In his 25th career major league start, Strasburg allowed more than three earned runs for only the second time. Only one of his starts, when he pitched three innings last season in his second start back from Tommy John surgery, had been shorter than four innings.
“Sometimes it’s just not going to be your day and things aren’t going to go your way,” Strasburg said. “. . . It was just tough conditions all around. But I’m not one to make excuses.”
In an unusual postgame revelation, Manager Davey Johnson volunteered just how tough. Strasburg, Johnson said, had applied the analgesic ointment Hot Stuff to loosen up, and somehow, it had covered an area that would affect a pitcher’s performance.
“I can’t really tell you what the problem was, but some Hot Stuff got misplaced,” Johnson said. “It was on his shoulder and evidently — I don’t know how it got to where it got, but it was uncomfortable, to say the least.”
The sense in the Nationals’ clubhouse was that no one would have pulled a prank on Strasburg on the day he pitched, and that the ointment had found the wrong place by accident. Strasburg, who seemed miffed that Johnson had brought up the incident, didn’t address what had gone wrong.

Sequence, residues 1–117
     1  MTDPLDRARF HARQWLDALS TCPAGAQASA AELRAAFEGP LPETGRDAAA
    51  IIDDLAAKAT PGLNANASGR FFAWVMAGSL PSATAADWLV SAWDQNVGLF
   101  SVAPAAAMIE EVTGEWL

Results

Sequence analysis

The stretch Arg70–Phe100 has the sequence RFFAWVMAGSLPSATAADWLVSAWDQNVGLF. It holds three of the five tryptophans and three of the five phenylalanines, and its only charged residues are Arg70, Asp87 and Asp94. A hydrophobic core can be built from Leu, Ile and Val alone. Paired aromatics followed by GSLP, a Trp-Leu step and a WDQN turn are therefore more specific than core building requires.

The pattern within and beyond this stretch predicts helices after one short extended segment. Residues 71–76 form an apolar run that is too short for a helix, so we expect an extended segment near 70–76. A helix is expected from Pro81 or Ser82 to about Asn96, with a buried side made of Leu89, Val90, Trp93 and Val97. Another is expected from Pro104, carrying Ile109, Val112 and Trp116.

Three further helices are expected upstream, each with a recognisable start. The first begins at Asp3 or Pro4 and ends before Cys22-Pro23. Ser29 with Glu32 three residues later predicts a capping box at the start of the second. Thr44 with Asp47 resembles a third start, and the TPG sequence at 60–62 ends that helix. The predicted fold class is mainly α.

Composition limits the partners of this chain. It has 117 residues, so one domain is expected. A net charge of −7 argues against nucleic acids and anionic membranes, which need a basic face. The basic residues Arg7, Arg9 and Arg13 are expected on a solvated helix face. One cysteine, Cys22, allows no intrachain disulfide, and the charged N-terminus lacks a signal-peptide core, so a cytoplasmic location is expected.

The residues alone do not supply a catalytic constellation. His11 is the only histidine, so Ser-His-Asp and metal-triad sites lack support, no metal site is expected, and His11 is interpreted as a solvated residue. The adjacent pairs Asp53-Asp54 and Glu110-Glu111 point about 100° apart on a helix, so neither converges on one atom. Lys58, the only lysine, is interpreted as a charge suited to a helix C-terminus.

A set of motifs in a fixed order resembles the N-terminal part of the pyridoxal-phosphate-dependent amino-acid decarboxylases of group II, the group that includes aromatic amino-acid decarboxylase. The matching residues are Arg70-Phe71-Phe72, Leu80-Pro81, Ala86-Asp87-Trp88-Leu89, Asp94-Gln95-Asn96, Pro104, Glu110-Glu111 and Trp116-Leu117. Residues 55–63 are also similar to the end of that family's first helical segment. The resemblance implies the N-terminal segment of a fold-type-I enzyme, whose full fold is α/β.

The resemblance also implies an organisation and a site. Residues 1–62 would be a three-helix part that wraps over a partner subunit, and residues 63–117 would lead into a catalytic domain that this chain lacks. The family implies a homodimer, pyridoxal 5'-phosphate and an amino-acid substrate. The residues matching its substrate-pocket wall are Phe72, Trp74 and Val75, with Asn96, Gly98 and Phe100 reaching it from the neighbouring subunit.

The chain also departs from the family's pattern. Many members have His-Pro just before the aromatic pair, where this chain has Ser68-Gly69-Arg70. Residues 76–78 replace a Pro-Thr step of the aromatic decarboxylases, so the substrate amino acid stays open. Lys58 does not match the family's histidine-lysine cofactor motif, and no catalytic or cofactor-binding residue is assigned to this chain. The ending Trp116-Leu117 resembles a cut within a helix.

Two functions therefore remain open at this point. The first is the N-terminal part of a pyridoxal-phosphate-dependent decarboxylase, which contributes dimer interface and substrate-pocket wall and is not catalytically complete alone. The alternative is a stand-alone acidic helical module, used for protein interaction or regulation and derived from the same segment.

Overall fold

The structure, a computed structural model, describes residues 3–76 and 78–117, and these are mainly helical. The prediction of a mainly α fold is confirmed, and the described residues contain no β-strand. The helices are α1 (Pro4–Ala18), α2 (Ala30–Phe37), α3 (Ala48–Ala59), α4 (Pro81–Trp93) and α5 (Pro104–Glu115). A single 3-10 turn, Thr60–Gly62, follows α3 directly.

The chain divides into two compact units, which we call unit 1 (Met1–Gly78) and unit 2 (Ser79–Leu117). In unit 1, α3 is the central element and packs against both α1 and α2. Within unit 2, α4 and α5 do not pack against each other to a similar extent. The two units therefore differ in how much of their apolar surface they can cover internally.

“Yeah, you know, I’m going to keep that in the clubhouse,” Strasburg said.
Bryce Harper provided the Nationals’ lone bright spot in an otherwise bleak performance. In the fifth, Harper smashed a 1-0, 91-mph fastball from Padres starter Anthony Bass over the corner of the high wall in right-center field, following his first career home run Monday night with another that landed about 40 feet to the left. Harper became the first teenager to hit homers on consecutive days since Ken Griffey Jr. in 1989.
Bass otherwise silenced the Nationals, who had scored at least six runs in three of their past four games. They did not record their first hit until Ian Desmond led off the fourth with a single. Over eight innings, Bass allowed one run on five hits and one walk.
It was the kind of performance that has become expected of Strasburg. The weak-hitting opponent and the hazy sky seemed a perfect recipe for Strasburg, who had struck out 13 Pittsburgh Pirates in his last start. Rather than pitching a gem, Strasburg, with a crucial assist from his defense, unraveled at the start.